The Venus Flytrap: New To The Neighbourhood

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Congratulations on your successful relocation. I know you’re feeling a little lonely out here, but the easiest way to settle in is to throw a party. I understand your new neighbourhood is a diverse one, so I’m here to help you ensure that everybody is comfortable and catered for. Start by picking the right time and date – avoid any hours or days during which your guests might be allergic to prevailing light conditions, committed to annual appearances, or generally too busy with their afterlives. Don’t even think about a full moon bash.

Next, take into account dietary preferences and restrictions. Finger food is generally a good way to go – and do take that literally. A sit-down dinner won’t let your guests float around freely. Contrary to what you might have heard, this crowd does enjoy sophisticated twists when it comes to beverages. For a nominal extra fee, I will throw in my bestselling book on the subject, which includes recipes such as the delicious likes of Bloodorange Martini, Non-Symbolic Eucharist and Very Bloody Mary. Please serve in pre-chilled glasses, okay? Fresh cadavers are so retro.

Something to not take literally, however, is your role of host. You are hosting a party, not letting your body be the host of another entity. Capiche? All meanings apply. Also, no matter how unholy a racket gets raised, don’t snort any powder you notice. It will make you see Tinkerbell. No, really. That minx is not to be trifled with. Remember: the guests are there for fun, but your job is to keep your head on. Decapitation messes up the mood – and your carpets – big time.

As your new home is in highly recognizable surroundings, there are wont to be troublemakers, some of whom may show up on your doorstep on the basis of dares, Dutch courage or to disprove the very existence of the company you’re keeping. They will make lovely takeaway gifts: just cut them down to size, giftwrap, and leave on a tray by the door. Remember to confiscate any garlic they may be carrying. You may serve it to any guests suffering from the eating disorder commonly known as vegetarianism.

Some entertainment is always a good idea, otherwise your guests will simply stand around and nibble on each other when the appetizers are through, which is all well and good but this isn’t high school anymore. Depending on the feel of the gathering, arrange to have some nice music playing. No, neither “I’ve Put A Spell On You” nor “Alligator Wine” are appropriate. What’s wrong with you: do you want to get turned into a toad or something? When in doubt, go with Enya. That rule applies even in these parts.

If you’re a “full of life” sort – and I’m duty-bound to remind you that most of your guests fall firmly outside that category – you might want to take it a step further. Arrange for some games. Monopoly takes an eternity – but we’ve got that, don’t we? Or a piñata might be nice. I know just the right person to string up.

I hope your welcome party goes splendidly. If it doesn’t, don’t worry. Did I also mention that I specialize in funeral rites and resurrection ceremonies? Haven’t heard of those? You will. Here, have a brochure…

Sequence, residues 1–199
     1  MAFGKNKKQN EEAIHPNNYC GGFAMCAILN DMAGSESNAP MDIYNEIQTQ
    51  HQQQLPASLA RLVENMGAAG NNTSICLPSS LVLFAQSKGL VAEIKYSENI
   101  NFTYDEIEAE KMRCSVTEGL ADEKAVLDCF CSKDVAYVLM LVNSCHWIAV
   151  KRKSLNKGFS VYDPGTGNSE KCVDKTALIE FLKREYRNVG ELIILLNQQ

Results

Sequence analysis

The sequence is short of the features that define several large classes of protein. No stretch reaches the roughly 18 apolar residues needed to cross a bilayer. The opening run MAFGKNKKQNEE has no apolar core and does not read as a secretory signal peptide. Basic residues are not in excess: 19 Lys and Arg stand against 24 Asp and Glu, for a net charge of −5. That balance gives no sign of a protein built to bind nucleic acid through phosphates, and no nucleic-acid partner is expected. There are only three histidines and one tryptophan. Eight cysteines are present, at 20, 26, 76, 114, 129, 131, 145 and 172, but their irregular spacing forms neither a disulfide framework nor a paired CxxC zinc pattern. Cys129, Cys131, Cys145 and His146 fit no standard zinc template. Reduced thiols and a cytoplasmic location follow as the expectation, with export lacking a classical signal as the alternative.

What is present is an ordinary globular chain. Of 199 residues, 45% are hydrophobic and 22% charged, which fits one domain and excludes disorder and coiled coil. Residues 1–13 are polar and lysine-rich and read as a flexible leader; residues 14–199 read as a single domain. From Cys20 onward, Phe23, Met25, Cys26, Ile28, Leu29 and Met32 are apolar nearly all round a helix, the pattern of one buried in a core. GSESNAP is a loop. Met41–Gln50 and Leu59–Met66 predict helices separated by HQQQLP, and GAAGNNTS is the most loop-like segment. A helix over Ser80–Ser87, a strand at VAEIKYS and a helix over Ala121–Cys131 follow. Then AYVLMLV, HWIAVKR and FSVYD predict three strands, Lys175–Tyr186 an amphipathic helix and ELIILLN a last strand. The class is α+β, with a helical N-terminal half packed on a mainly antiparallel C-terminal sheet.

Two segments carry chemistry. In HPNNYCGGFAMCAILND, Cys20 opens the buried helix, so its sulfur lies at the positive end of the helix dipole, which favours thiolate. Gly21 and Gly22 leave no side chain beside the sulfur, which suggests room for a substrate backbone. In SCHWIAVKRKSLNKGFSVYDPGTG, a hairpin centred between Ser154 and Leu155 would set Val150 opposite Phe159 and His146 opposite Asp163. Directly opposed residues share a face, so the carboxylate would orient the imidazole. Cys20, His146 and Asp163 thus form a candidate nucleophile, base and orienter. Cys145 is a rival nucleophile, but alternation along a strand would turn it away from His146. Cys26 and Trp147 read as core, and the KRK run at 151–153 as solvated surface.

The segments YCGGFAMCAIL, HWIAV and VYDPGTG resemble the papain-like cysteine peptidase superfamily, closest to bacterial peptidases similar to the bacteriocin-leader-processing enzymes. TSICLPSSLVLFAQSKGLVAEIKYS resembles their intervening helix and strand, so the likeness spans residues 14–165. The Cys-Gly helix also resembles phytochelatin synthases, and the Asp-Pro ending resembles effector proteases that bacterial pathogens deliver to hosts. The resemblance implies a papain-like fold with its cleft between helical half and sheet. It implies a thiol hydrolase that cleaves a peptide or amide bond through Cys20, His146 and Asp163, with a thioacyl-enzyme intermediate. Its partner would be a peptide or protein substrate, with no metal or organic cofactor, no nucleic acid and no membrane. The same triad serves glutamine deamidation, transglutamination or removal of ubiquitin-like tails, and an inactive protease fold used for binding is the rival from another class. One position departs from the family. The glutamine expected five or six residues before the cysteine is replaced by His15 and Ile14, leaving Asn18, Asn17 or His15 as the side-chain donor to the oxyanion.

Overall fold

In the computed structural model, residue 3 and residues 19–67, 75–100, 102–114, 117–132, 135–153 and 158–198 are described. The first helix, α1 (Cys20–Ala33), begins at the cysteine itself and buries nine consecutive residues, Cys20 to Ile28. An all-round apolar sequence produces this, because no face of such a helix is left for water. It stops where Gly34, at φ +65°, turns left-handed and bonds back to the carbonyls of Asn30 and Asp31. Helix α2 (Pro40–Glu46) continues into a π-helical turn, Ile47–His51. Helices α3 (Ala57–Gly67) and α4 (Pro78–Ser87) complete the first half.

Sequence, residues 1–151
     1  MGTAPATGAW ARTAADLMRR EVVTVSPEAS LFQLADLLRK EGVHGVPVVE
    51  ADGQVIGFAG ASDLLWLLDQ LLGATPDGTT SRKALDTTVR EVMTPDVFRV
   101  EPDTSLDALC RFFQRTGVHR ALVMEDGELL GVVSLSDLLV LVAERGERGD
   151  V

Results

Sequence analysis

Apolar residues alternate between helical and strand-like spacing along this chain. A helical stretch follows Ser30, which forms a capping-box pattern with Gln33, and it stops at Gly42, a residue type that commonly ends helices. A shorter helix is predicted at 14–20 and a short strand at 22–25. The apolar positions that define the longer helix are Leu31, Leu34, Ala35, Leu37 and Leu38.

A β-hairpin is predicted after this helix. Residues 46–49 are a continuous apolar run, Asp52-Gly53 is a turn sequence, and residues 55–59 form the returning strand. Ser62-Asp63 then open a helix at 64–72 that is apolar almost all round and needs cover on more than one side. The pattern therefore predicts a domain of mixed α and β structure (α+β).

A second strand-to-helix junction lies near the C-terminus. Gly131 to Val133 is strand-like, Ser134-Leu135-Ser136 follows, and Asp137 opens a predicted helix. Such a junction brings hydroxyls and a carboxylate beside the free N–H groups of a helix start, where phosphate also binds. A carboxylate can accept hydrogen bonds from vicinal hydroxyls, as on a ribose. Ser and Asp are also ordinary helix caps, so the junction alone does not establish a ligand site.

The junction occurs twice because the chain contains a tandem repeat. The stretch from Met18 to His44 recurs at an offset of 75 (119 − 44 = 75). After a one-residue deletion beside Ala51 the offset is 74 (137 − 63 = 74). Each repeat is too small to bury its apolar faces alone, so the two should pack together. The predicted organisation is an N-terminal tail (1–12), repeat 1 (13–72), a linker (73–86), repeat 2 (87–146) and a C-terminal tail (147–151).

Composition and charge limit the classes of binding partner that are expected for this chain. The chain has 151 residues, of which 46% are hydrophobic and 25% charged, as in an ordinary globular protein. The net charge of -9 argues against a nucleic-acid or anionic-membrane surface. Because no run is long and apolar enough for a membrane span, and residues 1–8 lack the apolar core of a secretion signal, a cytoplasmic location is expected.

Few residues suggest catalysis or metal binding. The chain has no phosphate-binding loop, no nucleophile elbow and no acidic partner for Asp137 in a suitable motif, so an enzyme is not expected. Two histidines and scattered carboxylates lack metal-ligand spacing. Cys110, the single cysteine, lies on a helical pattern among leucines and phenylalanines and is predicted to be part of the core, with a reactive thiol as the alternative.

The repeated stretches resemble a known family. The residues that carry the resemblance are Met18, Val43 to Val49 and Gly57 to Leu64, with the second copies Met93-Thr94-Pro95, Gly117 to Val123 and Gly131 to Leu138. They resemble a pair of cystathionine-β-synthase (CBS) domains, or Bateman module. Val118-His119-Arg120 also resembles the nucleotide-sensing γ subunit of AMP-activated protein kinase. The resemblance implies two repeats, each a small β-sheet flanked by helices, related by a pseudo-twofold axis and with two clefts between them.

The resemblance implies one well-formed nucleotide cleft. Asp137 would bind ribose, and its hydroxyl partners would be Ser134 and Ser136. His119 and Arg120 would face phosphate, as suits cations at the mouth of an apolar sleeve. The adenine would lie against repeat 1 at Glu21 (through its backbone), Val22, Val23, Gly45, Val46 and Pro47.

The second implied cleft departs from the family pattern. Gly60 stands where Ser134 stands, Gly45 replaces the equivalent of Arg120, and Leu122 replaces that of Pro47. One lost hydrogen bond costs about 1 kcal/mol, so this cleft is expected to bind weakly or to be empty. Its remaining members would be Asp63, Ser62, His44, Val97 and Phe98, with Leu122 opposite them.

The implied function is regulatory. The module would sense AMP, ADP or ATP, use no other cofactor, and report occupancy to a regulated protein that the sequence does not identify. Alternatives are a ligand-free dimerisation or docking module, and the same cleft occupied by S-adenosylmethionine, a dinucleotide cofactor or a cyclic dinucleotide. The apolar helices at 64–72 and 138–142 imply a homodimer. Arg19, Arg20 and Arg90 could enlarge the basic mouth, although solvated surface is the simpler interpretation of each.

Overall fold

An edited version appeared in The New Indian Express. “The Venus Flytrap” is my column in the Zeitgeist supplement. Previous columns can be found here.

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6 responses »

  1. i have been reading you work for the past 5months without even dropping by to leave a comment..this one is disappointing,the humor is alive but dead on content.

  2. Mithun – Well, another bad joke then – the content is dead.

    So you read my work for months but don’t say anything until you find something you dislike? That’s not the kind of reader I care about.

  3. ah!!that stung,i never said i disliked any of your work,i apologise if i gave you that impression.

    as for not taking the pain of appreciating your work before.i have bugged enough of my friends asking them to read your works,they like me are silent spectators,and regular readers,so its just not me,there are a whole bunch of us who you shouldn’t be caring about:.keep writing,you inspire without knowing.

  4. Yuva – Thank you!

    Mithun – It’s kind of you to comment again and clarify. I really appreciate that. It’s just that so often, writing on the internet feels like setting messages in bottles into the water: you have no idea where it goes, how it’s perceived, if it matters to anyone out there. I know that the vast majority of my readership are silent spectators, for better or worse. So it’s always jarring to receive feedback, regardless of whether it is good or bad, simply because it is so rare. Which is why your first comment annoyed me – I don’t feel obligated to an invisible audience that only pipes up when it’s displeased, and I (mis)read your comment that way.

    I have no real sense of my work in the world, so much so that I don’t even operate from a place of writing for an audience, and in some ways this truly frees me. In other ways, of course, it limits me. Such as the fact that your second comment surprised me so much – if I had a better sense of what my work means to people, if I didn’t feel like I was always working and sharing in isolation, it wouldn’t have.

  5. i received the messages you send in the bottle for the first time from a friend of mine named riyaz who said he met you once at amethyst.the bottles do sail,a little.you say you (miss)read the comment,that happens,the english language has limitations when it comes to expressing emotions and thoughts.

    and as for the surprise part,what is life without them?

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